The moon is the thing that everyone who can see has seen. It doesn’t matter where you were born, or when. If you see, you have seen the moon. It is a basic fact of the sky.
So, of course, are the sun and the stars. But looking at the sun wounds you, and the stars are just points of light. Looking at the moon is safe, and reveals detail – the same unchanging features, some bright, some darker, that everyone else sees. The angle at which it is lit changes as it orbits the Earth; sometimes it is full, illuminated head on; sometimes it is a barely visible backlit crescent. But the thing itself never changes. Science suggests that the last time the moon looked discernibly different was about 100 million years ago.
Was it really possible, children reared on Star Trek asked, that the grown-ups went to the moon, and came back, and that’s it?
That said, although everyone looks at the same features, they don’t necessarily see the same things. Some see a man in the moon. Some a woman. A lot of people see a rabbit. In the middle ages, they saw a man gathering sticks. Some said he was Cain, the brother killer. Some people said he was just a guy who needed some wood. There was a monk who saw a dragon. My wife sees someone yawning.
Scientists see half a continent’s-worth of bare rock, bereft of water, ice or air, pummelled by asteroids and comets long ago, still pockmarked by the scars and scabs that resulted.
There is another thing people almost all share about the moon. They cannot remember the first time they saw it. That revelation almost always happens before you have reached the age where you can lay down memories that can be accessed later. You can have a good guess as to how you first saw it, though. It was probably shown you by a parent happy to delight you with a light in the sky. Which means, I like to think, that most people are given the moon with love, and sometimes feel an echo of that love when they look up at it.
I remember learning at university that there are people who, blind from birth, achieve sight as adults through medical intervention. If I had thought of this while writing my book, The Moon: A History for the Future, I might have scoured their case histories to see if any ever described seeing the moon for the first time. Did it amaze? Did it disappoint? I wish I knew – but the idea only struck me after the book was done.It seems that even after years of work, there are always new things to wonder about the moon.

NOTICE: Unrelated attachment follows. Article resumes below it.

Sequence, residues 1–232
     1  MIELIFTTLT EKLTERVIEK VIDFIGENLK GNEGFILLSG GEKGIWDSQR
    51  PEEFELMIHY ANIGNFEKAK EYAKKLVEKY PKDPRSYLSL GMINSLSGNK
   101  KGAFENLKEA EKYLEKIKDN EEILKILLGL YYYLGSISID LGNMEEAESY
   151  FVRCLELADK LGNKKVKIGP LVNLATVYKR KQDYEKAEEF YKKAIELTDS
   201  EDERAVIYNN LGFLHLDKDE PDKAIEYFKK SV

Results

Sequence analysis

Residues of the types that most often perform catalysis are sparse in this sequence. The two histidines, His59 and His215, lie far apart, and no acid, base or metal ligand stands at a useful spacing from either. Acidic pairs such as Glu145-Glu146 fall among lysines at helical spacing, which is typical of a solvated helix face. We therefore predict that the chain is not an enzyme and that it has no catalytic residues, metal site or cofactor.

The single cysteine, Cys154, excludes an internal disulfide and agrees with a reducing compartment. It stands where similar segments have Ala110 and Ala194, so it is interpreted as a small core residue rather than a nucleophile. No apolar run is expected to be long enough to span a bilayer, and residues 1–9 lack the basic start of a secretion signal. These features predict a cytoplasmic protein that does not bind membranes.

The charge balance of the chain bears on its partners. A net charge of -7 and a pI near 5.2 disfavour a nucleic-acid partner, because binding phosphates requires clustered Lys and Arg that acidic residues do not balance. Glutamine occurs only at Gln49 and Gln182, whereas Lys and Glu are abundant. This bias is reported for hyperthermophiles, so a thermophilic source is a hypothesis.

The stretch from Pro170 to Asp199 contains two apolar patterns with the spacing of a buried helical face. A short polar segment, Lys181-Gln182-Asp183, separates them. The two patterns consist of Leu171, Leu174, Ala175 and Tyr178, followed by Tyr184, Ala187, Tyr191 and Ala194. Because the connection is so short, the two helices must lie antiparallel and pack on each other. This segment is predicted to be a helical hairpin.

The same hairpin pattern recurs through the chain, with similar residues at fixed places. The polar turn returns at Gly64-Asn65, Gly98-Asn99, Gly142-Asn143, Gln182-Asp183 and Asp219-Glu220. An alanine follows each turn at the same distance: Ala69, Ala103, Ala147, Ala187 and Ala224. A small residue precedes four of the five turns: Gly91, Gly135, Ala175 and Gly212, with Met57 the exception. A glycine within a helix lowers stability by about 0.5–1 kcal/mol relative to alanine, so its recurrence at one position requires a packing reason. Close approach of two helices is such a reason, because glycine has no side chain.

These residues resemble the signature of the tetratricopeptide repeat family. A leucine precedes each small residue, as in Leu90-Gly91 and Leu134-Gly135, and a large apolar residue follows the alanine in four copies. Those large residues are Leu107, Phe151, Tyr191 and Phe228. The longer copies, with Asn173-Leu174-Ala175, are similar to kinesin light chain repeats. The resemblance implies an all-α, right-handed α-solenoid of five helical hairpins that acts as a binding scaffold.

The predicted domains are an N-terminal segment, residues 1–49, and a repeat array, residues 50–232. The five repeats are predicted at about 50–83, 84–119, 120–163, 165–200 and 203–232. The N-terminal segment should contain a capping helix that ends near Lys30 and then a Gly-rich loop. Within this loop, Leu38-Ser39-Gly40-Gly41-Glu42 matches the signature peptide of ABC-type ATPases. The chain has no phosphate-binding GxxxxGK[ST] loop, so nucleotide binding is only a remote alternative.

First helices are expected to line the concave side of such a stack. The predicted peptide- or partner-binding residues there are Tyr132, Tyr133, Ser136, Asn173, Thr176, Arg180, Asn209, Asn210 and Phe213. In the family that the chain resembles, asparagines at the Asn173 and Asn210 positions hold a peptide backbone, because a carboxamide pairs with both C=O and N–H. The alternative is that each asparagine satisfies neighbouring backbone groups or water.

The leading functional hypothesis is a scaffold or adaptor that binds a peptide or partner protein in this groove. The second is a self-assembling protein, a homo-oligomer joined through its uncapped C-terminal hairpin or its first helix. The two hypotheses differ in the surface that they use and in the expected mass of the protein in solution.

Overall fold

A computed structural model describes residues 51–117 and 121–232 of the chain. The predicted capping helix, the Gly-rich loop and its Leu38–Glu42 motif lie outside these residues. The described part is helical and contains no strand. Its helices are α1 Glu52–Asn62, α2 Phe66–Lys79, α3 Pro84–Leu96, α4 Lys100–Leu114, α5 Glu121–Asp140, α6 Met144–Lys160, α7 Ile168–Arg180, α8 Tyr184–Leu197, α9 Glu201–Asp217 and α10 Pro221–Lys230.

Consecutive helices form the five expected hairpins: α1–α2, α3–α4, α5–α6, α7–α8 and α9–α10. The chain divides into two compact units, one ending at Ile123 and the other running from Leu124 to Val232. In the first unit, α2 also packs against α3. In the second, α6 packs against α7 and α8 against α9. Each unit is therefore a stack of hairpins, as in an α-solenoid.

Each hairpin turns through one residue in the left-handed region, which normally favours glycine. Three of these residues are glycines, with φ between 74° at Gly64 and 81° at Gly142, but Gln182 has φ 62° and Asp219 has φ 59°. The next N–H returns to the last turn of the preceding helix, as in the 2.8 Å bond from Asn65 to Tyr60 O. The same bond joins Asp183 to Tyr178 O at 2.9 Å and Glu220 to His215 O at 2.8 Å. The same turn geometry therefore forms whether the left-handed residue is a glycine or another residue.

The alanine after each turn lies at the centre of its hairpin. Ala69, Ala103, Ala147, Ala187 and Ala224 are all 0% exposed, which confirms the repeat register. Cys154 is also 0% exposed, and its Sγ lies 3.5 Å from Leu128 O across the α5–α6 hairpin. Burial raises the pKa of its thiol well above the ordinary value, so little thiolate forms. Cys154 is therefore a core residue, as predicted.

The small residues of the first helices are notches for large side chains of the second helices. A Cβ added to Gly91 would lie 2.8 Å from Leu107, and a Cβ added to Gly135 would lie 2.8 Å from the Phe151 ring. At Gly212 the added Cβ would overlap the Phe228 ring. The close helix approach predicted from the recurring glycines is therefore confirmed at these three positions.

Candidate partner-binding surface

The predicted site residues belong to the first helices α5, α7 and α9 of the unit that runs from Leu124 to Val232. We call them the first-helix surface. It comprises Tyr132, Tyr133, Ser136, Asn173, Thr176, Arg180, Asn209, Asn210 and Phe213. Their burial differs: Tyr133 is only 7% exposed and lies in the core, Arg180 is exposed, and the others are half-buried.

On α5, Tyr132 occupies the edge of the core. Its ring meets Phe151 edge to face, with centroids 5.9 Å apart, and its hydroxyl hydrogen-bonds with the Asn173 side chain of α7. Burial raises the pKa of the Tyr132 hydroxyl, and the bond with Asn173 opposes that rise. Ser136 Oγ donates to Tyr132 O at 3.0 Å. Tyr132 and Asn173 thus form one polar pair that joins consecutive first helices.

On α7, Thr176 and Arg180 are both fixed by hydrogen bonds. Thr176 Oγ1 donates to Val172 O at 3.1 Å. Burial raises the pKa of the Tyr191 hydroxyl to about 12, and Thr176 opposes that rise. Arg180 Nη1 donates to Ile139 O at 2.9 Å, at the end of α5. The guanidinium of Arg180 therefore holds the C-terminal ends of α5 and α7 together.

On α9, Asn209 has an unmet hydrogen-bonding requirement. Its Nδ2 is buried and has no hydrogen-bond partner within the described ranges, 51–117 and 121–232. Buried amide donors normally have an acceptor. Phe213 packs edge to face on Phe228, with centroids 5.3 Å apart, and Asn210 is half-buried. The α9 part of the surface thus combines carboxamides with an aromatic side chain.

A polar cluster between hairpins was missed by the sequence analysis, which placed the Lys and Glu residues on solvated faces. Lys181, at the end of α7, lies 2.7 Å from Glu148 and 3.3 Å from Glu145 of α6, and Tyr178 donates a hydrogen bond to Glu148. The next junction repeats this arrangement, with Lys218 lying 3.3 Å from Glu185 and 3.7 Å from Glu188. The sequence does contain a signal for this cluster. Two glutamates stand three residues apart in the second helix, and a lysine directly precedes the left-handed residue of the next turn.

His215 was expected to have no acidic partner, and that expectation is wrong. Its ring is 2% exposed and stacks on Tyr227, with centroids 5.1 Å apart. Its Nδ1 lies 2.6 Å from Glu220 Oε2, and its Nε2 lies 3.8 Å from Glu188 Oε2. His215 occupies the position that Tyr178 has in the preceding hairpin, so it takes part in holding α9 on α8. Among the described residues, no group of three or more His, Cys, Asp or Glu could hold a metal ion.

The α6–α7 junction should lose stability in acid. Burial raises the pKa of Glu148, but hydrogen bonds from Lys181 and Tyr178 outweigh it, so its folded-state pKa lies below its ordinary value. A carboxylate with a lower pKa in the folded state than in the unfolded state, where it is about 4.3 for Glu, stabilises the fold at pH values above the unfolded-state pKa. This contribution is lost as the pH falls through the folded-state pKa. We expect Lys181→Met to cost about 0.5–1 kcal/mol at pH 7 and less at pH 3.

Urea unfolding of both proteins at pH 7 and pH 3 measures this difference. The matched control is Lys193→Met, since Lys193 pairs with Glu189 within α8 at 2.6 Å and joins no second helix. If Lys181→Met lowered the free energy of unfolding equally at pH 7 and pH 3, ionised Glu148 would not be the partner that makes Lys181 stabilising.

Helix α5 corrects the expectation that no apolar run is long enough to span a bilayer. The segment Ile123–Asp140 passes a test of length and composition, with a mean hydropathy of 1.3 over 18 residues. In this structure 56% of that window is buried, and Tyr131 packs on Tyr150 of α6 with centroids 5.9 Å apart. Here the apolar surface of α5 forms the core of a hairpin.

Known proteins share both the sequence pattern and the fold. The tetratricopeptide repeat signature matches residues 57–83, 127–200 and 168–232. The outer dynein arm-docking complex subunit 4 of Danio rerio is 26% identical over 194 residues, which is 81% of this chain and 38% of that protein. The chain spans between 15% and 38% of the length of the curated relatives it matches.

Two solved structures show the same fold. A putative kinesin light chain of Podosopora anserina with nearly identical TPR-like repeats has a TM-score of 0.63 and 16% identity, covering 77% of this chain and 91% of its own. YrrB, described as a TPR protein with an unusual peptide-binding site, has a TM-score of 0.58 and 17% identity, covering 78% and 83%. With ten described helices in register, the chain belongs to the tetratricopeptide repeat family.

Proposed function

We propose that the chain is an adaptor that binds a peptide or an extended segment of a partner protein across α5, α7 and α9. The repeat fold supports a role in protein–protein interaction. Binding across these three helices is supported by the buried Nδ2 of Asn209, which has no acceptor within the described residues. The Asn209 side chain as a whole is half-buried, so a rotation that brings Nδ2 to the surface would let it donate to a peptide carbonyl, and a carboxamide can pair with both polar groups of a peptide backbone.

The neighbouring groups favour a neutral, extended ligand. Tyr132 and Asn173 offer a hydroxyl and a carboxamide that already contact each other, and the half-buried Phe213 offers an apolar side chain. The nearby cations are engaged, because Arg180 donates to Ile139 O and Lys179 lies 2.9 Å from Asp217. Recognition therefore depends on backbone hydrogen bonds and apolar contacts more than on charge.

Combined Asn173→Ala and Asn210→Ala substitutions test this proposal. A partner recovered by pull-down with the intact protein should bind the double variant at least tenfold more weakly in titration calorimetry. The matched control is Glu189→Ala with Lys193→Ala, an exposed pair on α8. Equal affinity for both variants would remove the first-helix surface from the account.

Last year, 27,000 people worldwide earned an income selling street papers, making a total of £23.4 million.
Fifty years ago, the new thing to wonder at was that the Americans had stepped out on it. Then, three years later, they stopped doing so – which over time also became a source of wonder, this time tinged with worry. Was it really possible, children reared on Star Trek asked, that the grown-ups went to the moon, and came back, and that’s it? That we don’t get to go – let alone to go further? That the space age happened and we missed it?
Those children didn’t understand that the Americans had not gone to the moon because of the moon. They went to the moon to show that they could coordinate the work of 400,000 people into a pyramid which, at its very top, had a tiny cone with three men in it which would do something almost impossible. What the impossible thing was didn’t matter all that much. What mattered was that America alone could do it. Once it was done, that was pretty much that. No need, or desire, for encores.
Until now. Making a moonship still isn’t easy. But it is nothing like as hard as it was in the 1960s. China is apparently making plans to send people to the moon. India isn’t quite ready yet, but it is talking about it. Afraid of losing its laurels, America is rushing to get back first. Billionaires like Jeff Bezos and Elon Musk talk about going, too, maybe for profit, maybe for fun.
One way or another, a return is on the way. There are only four men alive who have walked on the moon. But there are quite a few more than that who are going to walk on it, and quite a few women, too. You might even be one of them – and if that turns out to be the case, do let me know how it goes – but I’m afraid with nigh on eight billion earthlings the odds are not good.
The presence of people might change the way the moon looks, at least to some. Will you see it as somehow diminished – or enhanced? Will you look up at a waste of money? Or an opportunity you envy? Will it change what you say to your children when you point it out?
Or will you just look up, feel a moment of wonder, and move on, just as people always have?
Oliver Morton’s The Moon: A History for the Future is out now (Profile, £20)